The Rolling Stones: Fifty Years
Simon & Schuster
Rs. 599 n pp 497
Theres a languorous Rolling Stones song, The Spider and the Fly, that came out in 1965 as the B-side of the more famous single, Satisfaction. In this proto-slacker blues track, a 22-year-old Mick Jagger can be heard drawling out, She was common/ flirty/ she looked about thirty/ I would have put her away/ but I was on my own.
A studio reworking of the song went into their 1995 live album Stripped, with one notable alteration: the 52-year-old Jagger updates the age of the lady in the track from 30 to 50.
Every time I hear this version, I cant help but think that technically, 30 years since the original song came out, the womans age should have been bumped up to 60. But then, I realise that it would be downright crazy for the Stones to update the womans age to 67 if they performed The Spider and the Fly now in 2012.
But following and enjoying the Rolling Stones in their first 50 years of existence cant be a chartered accountants game even if the tag of The Greatest RocknRoll Band in the World sits on their shoulders much more ironically these days than it did in the 70s. And even if its the more reliable Fortune magazine that hails the Stones as the Plutonian offshore business empire which has recently proved itself more financially durable than some of the worlds longest-established consumer brands.
Since July 12, 1962, when Mick Jagger and the Rollin Stones first confronted an audience in a 50-minute show at the Marquee Club on 165 Oxford Street, London, the Stones have shuffled in, swaggered through, pillaged and held on like a species passing through geological eras. If their persona and music provided the antidote to the Beatles, the counterpoint of Would you let your daughter go out with a Rolling Stone? to I want hold your hand, then the artist Peter Blake, who designed the iconic album cover of the Beatles Sgt Peppers Lonely Hearts Club Band, was also spot on in 1963 when he predicted that by the year 2000, the Rolling Stones will seem to have been as cuddly as teddy bears. It took far less time for the gnashers to turn into franchise material stuffed toys for paunchy babyboomers and their offsprings.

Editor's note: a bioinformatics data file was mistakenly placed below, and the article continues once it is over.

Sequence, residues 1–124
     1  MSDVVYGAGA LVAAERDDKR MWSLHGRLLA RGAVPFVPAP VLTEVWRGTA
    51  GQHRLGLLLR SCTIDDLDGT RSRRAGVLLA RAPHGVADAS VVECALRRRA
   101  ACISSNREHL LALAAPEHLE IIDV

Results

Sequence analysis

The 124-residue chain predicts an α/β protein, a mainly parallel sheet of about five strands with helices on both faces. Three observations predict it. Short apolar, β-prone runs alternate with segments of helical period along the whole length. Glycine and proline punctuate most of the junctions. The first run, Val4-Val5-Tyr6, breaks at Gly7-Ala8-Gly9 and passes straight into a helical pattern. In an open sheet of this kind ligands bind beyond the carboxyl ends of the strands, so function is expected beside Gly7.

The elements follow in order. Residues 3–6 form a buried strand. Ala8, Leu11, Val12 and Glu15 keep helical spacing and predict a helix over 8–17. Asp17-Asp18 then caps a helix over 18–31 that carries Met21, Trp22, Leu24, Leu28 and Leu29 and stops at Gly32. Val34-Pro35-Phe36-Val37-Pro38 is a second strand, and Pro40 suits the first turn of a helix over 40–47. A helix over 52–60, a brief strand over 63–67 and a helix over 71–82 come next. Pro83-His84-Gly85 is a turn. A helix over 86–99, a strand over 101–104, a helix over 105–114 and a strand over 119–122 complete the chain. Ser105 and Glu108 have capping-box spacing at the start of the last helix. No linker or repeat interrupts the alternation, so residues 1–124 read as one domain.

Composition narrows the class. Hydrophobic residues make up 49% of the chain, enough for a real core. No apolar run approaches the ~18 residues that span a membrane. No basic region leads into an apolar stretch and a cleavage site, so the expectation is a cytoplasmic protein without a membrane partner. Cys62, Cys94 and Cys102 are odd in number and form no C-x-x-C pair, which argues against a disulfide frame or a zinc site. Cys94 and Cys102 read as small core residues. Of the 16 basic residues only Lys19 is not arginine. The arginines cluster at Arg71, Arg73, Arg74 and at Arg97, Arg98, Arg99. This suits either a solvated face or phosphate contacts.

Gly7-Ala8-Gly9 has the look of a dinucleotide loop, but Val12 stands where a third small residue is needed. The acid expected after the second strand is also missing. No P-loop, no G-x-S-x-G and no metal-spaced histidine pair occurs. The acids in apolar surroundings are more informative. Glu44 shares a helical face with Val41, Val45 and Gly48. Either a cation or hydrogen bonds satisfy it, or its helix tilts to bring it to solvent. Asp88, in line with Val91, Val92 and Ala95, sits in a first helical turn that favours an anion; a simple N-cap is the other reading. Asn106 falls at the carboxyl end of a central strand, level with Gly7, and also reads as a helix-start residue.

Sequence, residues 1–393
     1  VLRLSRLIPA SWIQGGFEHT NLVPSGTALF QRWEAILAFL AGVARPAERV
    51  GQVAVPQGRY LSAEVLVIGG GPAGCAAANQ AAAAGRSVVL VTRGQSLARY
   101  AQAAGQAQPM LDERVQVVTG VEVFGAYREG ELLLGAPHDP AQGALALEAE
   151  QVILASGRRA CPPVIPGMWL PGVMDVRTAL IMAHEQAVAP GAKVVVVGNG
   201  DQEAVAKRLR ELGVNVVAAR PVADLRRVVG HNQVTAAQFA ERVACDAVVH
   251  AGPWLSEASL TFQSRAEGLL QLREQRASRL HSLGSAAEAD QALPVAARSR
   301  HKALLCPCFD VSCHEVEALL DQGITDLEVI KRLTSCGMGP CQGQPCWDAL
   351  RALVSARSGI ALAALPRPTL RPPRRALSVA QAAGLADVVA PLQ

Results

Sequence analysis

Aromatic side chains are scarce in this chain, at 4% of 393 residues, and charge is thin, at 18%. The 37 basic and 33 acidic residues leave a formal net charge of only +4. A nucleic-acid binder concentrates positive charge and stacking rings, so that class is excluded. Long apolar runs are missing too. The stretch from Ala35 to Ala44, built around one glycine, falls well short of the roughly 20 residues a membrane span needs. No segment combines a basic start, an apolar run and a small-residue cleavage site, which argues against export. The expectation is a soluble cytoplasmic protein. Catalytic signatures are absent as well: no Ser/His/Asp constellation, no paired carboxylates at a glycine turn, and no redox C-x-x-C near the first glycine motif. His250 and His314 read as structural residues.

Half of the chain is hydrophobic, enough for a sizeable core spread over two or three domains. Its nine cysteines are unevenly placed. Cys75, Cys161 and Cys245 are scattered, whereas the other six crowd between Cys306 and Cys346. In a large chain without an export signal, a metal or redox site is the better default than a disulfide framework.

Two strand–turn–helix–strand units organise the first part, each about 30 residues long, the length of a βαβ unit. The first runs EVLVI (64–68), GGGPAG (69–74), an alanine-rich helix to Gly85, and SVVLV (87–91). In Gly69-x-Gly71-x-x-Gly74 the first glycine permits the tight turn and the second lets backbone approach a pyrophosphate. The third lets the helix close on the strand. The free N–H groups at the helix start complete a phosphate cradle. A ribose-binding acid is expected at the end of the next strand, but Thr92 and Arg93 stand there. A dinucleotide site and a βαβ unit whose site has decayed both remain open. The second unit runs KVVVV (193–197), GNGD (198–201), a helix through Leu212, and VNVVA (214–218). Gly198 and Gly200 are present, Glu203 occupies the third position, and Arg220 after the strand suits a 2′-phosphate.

The biggest challenge to write a book like this is that the story isnt over. Sandfords other noteworthy biography, that of Kurt Cobain, was published a year after the musicians death. When Philip Norman wrote The Stones in 1984, there was a far clearer marker: the band had come to the brink of breaking up in July 1982 because of serious spats between Richards and Jagger and was barely alive. There have been other books that picked up the tempo after the band reformed in February 1989. But these were really updates.
Frankly, this book is an update too. But where the author scores is what he chooses to play up and skim over using his impressive narrative skill. We are told about the moment of the raw, autumnal morning of 17 October  on Dartford station in a rather over-the-top-but-so-what? way: As Jagger peered down the curve of Platform 2, that particular option [of the lad going into a career of music] seemed singularly improbable. A moment later it became inevitable. Emerging out of the depths of the fog was Keith Richards, lugging his guitar.
Other bits and bobs of the mythology are covered with equal cinematic skill by Sandford; the death of Brian Jones, the Stone who actually formed the band and gave it its name from a Muddy Waters song; the drugs; the drug busts; the girlfriends; the girls; the run-ins with the law; the Punch-and-Judy Keith-and-Mick quarrels; the music; the performances. There is much that Sandford picks and pastes here from Satisfaction, his 2003 biography of Keith Richards (including the epigraph from Robert Brownings Saul at the beginning of the book: Gods in the stars, the stone, the flesh, the soul, and the clod). So how do the Stones, in their status as Living Dead grandees, come off when it comes to a 2012 biography?
The early years of the 60s and the 70s come as confirmation for the Stones fan. The 80s-onwards, the Stones story turns into one of tenacity and grit. Theres a mention of the 2003 concert in Bangalore. But neither Sandford nor his source was clearly there as he writes that the audience was seated in an open courtyard on granite benches covered with fluorescent blue tiles, and a marble staircase decorated by stained-glass windows ran up the side of the auditorium. Its a strange way to describe the Bangalore Palace Grounds, where only a small poncy VIP crowd was seated next to the likes of Vijay Mallya, while the rest of us were standing and co-rioting to Gimme Shelter.
Fifty Years: The Rolling Stones is not in the league of Keith Richards ravishing memoir Life, in which we read about the music and the genius of the band. It doesnt have the freshness of Normans earlier biography. But still, as a gateway to the long, rambling, funny as well as vicious universe of the Rolling Stones, Sandfords book does more than well to retread well-trod ground. Till another 10 years, this book should do the job.